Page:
Radcliffe Institute Announces 2017-2018 Fellows

Eleven of this year’s 52 fellows come from within the University.

From left: Martha Minow, Robert Darnton, and Samantha Powers
From left: Martha Minow, Robert Darnton, and Samantha PowersFrom left: photograph by Ken Richardson, photograph by Rose Lincoln/Harvard Public Affairs and Communications, Photograph by Eric Bridiers

The Radcliffe Institute for Advanced Study will welcome 52 fellows for the 2017-2018 academic year. These men and women specialize in fields as varied as computer science to comparative literature; eleven of this year’s fellows come from within the University, and three are Radcliffe professors.

Most Radcliffe fellows are budding scholars and researchers who will take the year to pursue new research; for this reason, three of the Harvardians are more unusual choices. Among them is Pforzheimer University Professor and University library director emeritus Robert Darnton, a leading scholar in the history of the book, who has worked on catapulting Harvard’s libraries into the future. At Radcliffe, he will work on his project “Publishing and Pirating in 18th-Century France and Switzerland.” Samantha Power has recently returned to Harvard as Lindh professor of the practice of global leadership and public policy; she served as the twenty-eighth United States Ambassador to the United Nations, and is an expert in American foreign policy.  At the Radcliffe Institute, she will focus her work around “U.S. Foreign Policy From the Inside-Out." Harvard Law School dean Martha Minow, who recently announced that she will step down from her post at the end of the 2017 academic year, will work at Radcliffe on her project, “Should Law Foster Forgiveness? Child Soldiers, Sovereign Debt, and Alternatives to Punishment.”

Among the other fellows, social justice and politics are a common theme. Sociology professor Devah Pager’s research on race, discrimination, and the labor market promises to be both timely and captivating. Leah Wright Rigueur, assistant professor of public policy at the Kennedy School, whose work focuses on issues including race and the American political system, will be conducting research around her project “Black Men in a White House.” Sociology professor Alexandra Killewald’s project, “Tethered Lives: How the Male Breadwinner Norm Constrains Men and Women” will build off of her research, which focuses on the work-family intersection and the effects of marriage and parenting on income.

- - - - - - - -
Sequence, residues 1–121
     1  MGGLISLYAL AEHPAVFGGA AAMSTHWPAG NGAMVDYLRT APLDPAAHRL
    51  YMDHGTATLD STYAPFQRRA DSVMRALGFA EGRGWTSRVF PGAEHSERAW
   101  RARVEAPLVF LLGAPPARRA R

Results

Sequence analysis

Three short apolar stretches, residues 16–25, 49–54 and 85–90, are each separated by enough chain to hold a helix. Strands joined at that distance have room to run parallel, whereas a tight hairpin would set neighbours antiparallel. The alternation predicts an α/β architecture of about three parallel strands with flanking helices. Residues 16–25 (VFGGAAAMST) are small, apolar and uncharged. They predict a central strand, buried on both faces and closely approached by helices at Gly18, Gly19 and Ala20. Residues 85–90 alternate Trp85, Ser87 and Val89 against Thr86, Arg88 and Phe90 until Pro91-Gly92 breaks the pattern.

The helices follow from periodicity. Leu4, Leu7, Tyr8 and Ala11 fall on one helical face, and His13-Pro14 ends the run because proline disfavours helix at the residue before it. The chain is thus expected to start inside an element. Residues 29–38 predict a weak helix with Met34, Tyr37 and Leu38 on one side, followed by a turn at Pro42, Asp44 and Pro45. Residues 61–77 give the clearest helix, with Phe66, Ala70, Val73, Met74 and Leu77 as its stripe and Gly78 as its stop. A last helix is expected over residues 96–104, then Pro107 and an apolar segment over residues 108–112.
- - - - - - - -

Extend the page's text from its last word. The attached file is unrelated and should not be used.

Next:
Read the complete list of fellows here.

Read more articles by Oset Babür

You might also like

Teaching Nutrition in Medical Education

Will Harvard Medical School return nutrition instruction to pre-eminence?

Animal (Code) Cracker

After listening to leviathans, an undergraduate comes to conservation.  

Breaking Bread

Alexander Heffner ’12 plumbs the state of democracy.

Most popular

Prepare for AI Hackers

Human systems of all kinds may soon be vulnerable to subversion by artificial intelligence.

Teaching Nutrition in Medical Education

Will Harvard Medical School return nutrition instruction to pre-eminence?

The Missing Middle

How overheated political attention warps campus life

More to explore

Architect Kimberly Dowdell is Changing Her Profession

Kimberly Dowdell influences her profession—and the built environment.

How Schizophrenia Resembles the Aging Brain

The search for schizophrenia’s biological basis reveals an unexpected link to cellular changes seen in aging brains.

Harvard Researchers on Speaking to Whales

Project CETI’s pioneering effort to unlock the language of sperm whales